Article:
In 2018, Tourism New Zealand appointed the Special Group agency to handle its “100% Pure Welcome - 100% Pure New Zealand” project. Commenting on Special’s appointment, TNZ’s Lauren Vosper says: “New Zealand’s destination brand is incredibly successful, showcasing the country’s landscapes and scenery and has worked because it reinforces the key reasons visitors choose New Zealand. New Zealand’s unique people and culture, our way of being, our warm welcome is what we know stays with people after they have visited. It is what people share and talk about long after they return to their country and is the essence of brand New Zealand. We have started work to evolve the brand to capture this.”

Special Group was the driving force behind Tourism New Zealand’s recent and successful Backpackagram campaign, which aimed to dispel the notion among younger travellers from the UK and Germany that New Zealand was all nice views and quiet strolls.

Special Group assembled three teams of backpackers from the UK and Germany, and issued challenges to them showcasing the most epic, fun and social things to do in New Zealand. The group filmed the excursions, editing the footage and releasing it as an episodic style TV reality show for Instagram, and a mobile first audience.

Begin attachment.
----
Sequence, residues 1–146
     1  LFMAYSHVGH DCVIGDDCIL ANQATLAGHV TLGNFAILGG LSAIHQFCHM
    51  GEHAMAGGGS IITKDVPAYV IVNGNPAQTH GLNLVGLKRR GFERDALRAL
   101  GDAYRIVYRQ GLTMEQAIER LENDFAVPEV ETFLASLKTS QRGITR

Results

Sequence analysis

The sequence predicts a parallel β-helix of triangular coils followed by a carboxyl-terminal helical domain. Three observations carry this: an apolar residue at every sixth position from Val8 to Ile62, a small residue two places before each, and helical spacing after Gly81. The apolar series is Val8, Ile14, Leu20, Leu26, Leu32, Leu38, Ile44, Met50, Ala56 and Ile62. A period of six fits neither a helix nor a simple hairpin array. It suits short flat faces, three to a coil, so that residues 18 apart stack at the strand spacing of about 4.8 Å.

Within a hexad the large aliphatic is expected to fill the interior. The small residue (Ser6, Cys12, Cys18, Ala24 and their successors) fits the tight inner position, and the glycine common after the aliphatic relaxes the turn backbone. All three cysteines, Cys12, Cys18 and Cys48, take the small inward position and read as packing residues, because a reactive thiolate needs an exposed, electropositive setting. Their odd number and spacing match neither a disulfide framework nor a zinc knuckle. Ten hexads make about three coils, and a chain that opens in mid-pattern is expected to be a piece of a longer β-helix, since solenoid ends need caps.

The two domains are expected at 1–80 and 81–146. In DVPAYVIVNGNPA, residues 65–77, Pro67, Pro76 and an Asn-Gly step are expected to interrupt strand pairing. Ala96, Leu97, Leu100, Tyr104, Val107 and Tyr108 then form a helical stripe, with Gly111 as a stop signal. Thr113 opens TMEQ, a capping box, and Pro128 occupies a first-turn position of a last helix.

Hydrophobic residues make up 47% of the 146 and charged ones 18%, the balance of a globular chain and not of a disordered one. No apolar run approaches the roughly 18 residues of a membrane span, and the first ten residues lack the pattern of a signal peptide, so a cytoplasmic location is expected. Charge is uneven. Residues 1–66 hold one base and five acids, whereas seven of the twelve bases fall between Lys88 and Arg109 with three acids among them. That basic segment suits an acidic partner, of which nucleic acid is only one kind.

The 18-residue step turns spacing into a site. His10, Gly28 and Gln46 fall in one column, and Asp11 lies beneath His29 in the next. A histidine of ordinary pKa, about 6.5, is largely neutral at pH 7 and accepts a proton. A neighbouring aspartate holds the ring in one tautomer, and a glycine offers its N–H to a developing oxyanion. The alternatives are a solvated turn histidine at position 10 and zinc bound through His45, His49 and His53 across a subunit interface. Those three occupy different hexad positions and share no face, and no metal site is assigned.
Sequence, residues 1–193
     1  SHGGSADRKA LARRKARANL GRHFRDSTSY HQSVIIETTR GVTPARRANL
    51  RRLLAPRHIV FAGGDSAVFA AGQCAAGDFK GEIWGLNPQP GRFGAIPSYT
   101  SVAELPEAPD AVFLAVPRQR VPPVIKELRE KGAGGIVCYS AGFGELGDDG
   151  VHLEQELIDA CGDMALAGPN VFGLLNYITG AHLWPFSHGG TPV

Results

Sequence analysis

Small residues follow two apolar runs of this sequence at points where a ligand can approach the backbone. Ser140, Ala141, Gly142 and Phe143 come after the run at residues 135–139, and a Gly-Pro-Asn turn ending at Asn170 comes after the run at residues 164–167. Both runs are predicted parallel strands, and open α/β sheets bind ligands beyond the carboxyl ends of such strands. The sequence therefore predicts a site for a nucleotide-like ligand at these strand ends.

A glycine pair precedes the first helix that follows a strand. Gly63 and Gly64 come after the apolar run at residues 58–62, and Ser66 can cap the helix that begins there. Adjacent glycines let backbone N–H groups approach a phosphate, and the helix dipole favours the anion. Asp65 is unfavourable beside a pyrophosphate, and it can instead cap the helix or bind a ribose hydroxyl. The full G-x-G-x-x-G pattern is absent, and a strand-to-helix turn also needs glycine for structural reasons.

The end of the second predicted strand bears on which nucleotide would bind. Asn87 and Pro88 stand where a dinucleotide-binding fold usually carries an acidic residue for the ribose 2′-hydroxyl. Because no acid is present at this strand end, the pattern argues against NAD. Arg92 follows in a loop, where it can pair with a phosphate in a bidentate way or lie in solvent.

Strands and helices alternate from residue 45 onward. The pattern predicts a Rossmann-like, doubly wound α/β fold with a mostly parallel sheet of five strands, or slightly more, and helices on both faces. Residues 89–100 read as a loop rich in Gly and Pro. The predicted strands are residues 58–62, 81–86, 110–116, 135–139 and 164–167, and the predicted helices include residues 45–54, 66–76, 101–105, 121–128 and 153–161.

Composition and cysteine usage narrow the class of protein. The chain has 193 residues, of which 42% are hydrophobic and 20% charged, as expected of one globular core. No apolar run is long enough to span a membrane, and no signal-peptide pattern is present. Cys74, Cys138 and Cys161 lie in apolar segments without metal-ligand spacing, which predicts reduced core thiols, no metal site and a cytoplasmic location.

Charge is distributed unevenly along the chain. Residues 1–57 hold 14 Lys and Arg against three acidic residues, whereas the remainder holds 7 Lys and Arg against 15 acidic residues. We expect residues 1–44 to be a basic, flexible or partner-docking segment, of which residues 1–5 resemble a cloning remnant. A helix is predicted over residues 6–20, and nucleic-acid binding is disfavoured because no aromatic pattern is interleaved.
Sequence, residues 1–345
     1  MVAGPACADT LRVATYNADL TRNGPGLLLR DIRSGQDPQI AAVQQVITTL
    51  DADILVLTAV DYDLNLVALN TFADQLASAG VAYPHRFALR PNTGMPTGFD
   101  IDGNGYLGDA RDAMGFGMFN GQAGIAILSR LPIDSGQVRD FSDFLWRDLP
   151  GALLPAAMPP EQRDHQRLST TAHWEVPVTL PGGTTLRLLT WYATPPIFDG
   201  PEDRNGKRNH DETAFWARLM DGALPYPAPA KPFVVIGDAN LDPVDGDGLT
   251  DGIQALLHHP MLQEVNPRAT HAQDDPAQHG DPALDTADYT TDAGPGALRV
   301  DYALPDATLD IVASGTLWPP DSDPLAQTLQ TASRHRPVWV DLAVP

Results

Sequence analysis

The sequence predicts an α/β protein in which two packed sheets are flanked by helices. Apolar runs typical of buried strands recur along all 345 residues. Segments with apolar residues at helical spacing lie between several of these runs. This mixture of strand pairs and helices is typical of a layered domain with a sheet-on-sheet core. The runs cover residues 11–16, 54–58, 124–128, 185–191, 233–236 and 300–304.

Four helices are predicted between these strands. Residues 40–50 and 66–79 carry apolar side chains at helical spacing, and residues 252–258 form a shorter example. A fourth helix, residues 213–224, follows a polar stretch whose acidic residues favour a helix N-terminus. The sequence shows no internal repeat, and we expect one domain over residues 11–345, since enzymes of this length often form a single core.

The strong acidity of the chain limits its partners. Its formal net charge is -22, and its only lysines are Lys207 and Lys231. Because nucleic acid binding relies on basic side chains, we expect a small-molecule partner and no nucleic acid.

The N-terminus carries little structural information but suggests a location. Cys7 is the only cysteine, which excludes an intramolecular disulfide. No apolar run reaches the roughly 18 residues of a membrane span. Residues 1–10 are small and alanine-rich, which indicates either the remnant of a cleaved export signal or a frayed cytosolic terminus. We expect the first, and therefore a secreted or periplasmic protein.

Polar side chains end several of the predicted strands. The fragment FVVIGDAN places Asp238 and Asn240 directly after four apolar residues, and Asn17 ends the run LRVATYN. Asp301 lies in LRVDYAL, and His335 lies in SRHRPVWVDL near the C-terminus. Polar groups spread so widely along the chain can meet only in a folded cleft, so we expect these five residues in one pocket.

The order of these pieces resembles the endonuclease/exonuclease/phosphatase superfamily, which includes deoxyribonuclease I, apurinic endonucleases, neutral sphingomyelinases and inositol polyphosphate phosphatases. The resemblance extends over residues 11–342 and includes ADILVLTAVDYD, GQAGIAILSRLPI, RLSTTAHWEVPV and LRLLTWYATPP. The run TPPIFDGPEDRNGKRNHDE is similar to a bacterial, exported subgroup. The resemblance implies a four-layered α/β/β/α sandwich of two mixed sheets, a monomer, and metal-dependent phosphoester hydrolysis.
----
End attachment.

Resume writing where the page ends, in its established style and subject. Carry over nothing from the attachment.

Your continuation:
Special interest sectors, such as backpacking, golf tourism, or cycling tourism are a key priority for Tourism New Zealand. The country can offer a unique holiday experience, particularly for travellers who enjoy cycling, mountain biking, golf, skiing, walking, and hiking. TNZ’s research indicates that visitors who participate in Special Interest activities spend more money and stay longer than average visitors - often having their special interest as the main reason for why they choose a certain type of holiday.

One of Tourism New Zealand’s past successes was “100% Middle Earth,” a campaign drawing on the worldwide popularity of Peter Jackson’s Lord of the Rings trilogy, which was filmed at various locations around the country.

According to Tourism New Zealand, 14 percent of international visitors take part in some kind of Middle Earth-related experience. And a standard Google search lists over a dozen tour operators still shepherding visitors to the many film locations spread over both islands. Yet despite this success, some analysts feel that New Zealand isn’t taking full advantage of the Tolkien effect, in marketing the country as a tourist destination.